Keeping Up with Miami’s Culinary Scene

If you’ve been living in Miami for the season, and paying the least bit of attention, then it will not be shocking news that we have been on a quest to elevate our culinary scene to be worthy of national attention. Perhaps 2010 has been our most successful year yet in this mission. At the start of the year, non-beach restaurants—particularly Design District favorites like Maitardi, Michael’s Genuine Food & Drink, Pacific Time, Sra. Martinez, and Fratelli Lyon—earned mentions in the New York Times travel section. We followed that up by welcoming the Food Network and Lee Brian Schrager’s South Beach Wine & Food Festival, an event that has become so popular that NYC decided to follow in our footsteps with its own version of the same idea.

Yesterday, Eater Miami editor Lesley Abravanel directed our attention to her “cousin site,” Gridskipper, for further proof that Miami is establishing itself as a culinary force to be reckoned with. The national spot for “urban travelers” stopped in our very own Magic City to map out “Restaurants of the Moment.” Want to know who made the cut as some of the crème de la crème eateries in the eyes of a non-resident?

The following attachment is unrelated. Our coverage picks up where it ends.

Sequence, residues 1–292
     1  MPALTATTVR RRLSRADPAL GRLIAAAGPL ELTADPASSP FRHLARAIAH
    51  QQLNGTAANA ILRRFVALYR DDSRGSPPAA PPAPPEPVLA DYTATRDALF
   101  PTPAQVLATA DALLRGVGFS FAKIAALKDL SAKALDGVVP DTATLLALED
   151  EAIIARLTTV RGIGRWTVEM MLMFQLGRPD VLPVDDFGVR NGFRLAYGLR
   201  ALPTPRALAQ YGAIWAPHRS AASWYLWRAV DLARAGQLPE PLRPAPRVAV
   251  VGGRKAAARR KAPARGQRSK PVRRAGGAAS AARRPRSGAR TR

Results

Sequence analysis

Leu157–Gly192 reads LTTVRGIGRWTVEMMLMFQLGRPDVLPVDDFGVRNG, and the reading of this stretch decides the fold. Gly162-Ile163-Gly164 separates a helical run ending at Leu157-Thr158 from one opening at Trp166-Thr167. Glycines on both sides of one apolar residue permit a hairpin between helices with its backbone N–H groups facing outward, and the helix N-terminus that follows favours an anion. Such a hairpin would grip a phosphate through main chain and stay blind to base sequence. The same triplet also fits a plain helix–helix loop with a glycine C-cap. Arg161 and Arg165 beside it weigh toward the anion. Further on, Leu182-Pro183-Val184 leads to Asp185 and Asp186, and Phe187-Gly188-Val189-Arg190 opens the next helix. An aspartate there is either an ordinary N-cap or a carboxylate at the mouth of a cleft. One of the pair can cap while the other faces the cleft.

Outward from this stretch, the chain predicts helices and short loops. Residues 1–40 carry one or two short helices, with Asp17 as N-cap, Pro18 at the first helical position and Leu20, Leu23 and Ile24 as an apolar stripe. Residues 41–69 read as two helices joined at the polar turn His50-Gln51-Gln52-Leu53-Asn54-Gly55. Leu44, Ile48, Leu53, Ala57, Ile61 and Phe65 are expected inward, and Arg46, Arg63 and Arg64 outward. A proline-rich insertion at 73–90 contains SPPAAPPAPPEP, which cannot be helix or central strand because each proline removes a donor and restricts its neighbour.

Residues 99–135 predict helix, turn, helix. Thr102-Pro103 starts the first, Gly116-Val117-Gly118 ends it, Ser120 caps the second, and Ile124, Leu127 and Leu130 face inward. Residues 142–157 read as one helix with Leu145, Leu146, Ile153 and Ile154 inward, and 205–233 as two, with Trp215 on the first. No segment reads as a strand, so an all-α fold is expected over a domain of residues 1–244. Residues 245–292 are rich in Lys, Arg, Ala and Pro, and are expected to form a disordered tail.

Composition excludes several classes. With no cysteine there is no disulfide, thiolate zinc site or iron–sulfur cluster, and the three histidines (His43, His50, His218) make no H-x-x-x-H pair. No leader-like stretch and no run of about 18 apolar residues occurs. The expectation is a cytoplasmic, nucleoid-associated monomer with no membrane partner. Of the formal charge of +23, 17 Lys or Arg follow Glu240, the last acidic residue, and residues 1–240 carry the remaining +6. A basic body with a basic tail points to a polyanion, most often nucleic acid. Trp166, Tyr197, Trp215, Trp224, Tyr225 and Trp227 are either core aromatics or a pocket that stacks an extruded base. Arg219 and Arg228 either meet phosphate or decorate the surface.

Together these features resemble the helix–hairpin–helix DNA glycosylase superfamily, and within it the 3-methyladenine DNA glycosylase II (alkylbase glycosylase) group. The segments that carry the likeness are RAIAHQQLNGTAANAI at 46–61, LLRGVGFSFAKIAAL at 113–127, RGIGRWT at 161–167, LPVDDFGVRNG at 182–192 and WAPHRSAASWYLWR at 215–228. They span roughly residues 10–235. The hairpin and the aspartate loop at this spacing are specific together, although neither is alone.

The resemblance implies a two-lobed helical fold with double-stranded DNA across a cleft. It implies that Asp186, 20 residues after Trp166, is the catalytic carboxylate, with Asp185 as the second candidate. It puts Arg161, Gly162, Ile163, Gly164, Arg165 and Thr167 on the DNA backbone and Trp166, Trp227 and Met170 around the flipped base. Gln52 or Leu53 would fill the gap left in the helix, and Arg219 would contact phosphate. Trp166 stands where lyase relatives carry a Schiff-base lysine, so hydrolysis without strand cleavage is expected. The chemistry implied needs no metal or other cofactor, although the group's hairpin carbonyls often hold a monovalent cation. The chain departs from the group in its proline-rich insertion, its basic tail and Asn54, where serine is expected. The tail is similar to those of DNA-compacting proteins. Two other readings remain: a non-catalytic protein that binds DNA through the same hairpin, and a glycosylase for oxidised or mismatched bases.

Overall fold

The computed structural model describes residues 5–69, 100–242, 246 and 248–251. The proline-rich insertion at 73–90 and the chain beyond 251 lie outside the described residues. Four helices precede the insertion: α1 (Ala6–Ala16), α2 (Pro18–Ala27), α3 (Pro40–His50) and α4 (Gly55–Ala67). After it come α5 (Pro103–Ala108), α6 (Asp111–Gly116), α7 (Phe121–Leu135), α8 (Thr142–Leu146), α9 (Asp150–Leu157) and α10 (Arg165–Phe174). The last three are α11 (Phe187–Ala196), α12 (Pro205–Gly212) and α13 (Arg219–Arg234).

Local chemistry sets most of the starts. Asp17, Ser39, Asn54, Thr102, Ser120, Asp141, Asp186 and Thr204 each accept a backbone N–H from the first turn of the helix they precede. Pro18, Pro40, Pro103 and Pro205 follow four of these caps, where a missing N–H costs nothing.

There’s a list of 10, and some of our faves included Red Light Little River, whose chef was an initial James Beard Award nominee; Sugarcane, a creative Midtown tapas place from the guys who made Sushi Samba famous; Norman’s 180, Norman Van Aken’s new venture (which hasn’t officially opened its doors yet at The Colonnade Hotel); and Hakkasan inside the Fontainebleau.

Check the Gridskipper map for the full list.